Another recent kid concoction... sugar free apple sauce!

I took a few deep breaths and decided to get over it. If we’re going to teach our kids about real food, we are going to have to let them learn how to make it, aren’t we? I knew it was time to put my money where my mouth was.

Boy, I’m glad I did. They were amazing! In fact, after I made the dough- kneading together fresh boiled potatoes, flour and egg- the kids did all the work while I sat back and watched. And this is not an inconsiderable amount of work, either: Greta carefully sliced bits of dough from the large dough “loaf,” rolling each one out into a long, 1/4” diameter snake. Ilsa would take over at this point, cutting dozens of tiny gnocchis from the snakes the size of Tootsie Rolls; each tiny island of dough carefully kept separate on the cutting board so as not to have the pasta bits stick together. This was not Kraft Easy-Mac. This took a long time. I was amazed at their tenacity, their patience.

Did everything go perfectly? No. At one point, in what will hereafter be referred to as the Great Gnocchi Massacre of 2011, Ilsa accidentally knocked the wooden cutting board- filled with little cut up gnocchi- just off the counter enough to dump a good three dozen onto the kitchen floor. The three of us gasped. We were hushed for a moment, staring at the floor and thinking about the hard work that- poof!- was gone just like that. Then Ilsa ran off, in tears.

Now, some people have a Little Devil on their shoulder. I have a Little Control Freak. The Little Control Freak whispered in my ear “See? Told you so. All that work. What will you have for dinner now?” Fortunately, I listened instead to the Mom Angel on my other shoulder who said “There’s still plenty of pasta left. Nobody died. It’s fine.” And of course, it really was. Soon, I managed to convince Ilsa of that fact as well and we were back to the pasta factory.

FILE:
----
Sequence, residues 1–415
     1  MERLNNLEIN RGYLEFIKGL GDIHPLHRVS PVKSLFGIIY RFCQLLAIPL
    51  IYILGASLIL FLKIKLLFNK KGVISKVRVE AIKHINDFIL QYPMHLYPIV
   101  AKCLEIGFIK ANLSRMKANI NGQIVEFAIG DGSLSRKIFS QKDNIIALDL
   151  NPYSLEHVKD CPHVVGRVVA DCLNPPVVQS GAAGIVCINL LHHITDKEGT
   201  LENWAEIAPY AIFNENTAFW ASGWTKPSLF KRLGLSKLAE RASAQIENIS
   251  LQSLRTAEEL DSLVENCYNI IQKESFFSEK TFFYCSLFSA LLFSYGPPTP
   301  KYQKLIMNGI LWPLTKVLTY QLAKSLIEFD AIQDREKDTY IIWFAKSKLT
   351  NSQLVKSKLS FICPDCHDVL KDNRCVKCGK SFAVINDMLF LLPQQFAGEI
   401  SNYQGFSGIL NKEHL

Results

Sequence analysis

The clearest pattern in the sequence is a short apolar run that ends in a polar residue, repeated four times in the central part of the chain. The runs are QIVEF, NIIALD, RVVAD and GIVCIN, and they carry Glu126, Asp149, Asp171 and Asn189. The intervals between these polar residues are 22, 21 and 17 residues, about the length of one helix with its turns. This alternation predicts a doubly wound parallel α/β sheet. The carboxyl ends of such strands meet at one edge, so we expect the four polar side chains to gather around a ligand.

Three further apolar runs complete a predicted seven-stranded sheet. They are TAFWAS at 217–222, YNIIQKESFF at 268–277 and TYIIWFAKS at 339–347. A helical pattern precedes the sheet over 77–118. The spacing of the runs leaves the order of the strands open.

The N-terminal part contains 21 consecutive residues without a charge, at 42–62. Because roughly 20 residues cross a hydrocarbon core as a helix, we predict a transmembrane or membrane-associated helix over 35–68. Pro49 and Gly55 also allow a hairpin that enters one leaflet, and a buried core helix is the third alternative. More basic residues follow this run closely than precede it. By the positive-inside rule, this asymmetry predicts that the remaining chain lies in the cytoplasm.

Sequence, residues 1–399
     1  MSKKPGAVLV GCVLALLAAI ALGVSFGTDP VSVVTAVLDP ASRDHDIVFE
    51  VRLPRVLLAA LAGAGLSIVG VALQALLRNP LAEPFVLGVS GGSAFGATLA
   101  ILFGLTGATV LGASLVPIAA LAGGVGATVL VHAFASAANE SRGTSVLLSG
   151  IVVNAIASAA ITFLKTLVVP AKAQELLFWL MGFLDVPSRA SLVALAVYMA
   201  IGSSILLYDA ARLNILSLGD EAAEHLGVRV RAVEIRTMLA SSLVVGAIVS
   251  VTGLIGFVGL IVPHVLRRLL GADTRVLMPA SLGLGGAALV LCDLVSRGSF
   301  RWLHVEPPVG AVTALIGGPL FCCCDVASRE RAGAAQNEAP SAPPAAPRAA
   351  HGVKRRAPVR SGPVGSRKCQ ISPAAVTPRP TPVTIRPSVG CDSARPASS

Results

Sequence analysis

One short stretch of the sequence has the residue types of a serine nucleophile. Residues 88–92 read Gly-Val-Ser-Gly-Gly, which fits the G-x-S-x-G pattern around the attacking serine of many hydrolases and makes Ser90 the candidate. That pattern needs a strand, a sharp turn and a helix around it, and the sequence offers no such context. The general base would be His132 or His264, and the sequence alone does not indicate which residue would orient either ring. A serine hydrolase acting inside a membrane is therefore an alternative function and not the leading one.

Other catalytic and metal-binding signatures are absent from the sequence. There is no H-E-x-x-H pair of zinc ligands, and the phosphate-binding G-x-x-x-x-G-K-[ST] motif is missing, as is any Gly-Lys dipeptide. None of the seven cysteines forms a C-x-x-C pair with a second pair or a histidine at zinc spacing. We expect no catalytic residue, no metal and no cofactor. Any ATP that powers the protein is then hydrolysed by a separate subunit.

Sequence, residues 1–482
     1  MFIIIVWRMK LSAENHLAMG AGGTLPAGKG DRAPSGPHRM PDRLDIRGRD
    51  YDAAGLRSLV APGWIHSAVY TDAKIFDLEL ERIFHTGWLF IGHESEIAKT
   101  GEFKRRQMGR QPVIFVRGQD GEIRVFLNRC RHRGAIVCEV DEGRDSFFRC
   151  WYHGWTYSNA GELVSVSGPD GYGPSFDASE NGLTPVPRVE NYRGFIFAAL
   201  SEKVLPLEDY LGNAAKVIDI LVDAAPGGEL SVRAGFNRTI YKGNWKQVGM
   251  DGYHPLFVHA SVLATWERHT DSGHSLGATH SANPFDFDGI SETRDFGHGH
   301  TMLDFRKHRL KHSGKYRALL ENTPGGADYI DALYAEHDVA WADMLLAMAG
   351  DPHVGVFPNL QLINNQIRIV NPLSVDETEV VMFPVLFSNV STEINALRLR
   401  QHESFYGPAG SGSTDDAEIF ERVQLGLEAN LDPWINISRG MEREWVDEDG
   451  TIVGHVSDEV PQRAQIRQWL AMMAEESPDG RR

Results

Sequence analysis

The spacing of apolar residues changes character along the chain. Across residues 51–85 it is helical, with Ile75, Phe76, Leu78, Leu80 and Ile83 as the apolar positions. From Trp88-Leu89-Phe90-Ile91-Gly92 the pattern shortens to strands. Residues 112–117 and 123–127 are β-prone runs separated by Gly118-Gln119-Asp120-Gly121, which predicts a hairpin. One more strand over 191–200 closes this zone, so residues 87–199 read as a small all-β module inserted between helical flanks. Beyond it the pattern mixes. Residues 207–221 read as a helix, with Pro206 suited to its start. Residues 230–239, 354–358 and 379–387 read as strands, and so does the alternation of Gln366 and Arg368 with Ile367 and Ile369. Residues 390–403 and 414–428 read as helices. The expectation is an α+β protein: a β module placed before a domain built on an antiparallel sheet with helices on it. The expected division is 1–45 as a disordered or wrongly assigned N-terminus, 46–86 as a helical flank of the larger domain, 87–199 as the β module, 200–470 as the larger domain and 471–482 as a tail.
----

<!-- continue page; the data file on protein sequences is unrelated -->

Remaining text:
In fact, it was better than fine. We had a lovely dinner that took us all afternoon to make and BOY were the girls proud! And it was delicious- even if they weren’t as ridiculously careful about it as I would have been. I mean, it’s just potatoes, egg and flour, right? Real, homemade food is desperately important- to our health, to animal welfare, to the environment- but fortunately for us, most of the time it’s not rocket science. It just takes a little time. And patience.

A Year Of No Sugar: Post 50

May 24, 2011 § 4 Comments

I find myself writing things like “once again, we realize that sugar is in absolutely everything including your sneakers,” and “as I mentioned before, my kids are happily eating their carob chip cookies, and plotting their eventual revenge.”

I feel like I am, how shall I say this? Repeating myself. There are two reasons for this: one, because of the blog format, I can never be sure what the reader reading this sentence right now already knows, so I reiterate a bit to make sure they’re with me to a reasonable extent. The second reason is due to the very nature of eating. I mean, what else do we do as often as eating? Three times per day plus snacks… It’s really a wonder we get anything else done. When traveling it often seems to me as if, for the Europeans, work is just a brief respite between the real business of the day- coffee, lunch, and dinner.

I think often too, about the Little-House-on-the-Prairie days, when it was a full-time job just to get those three meals on the table, day after day after day… The stomach does not take a day off- and neither did Ma.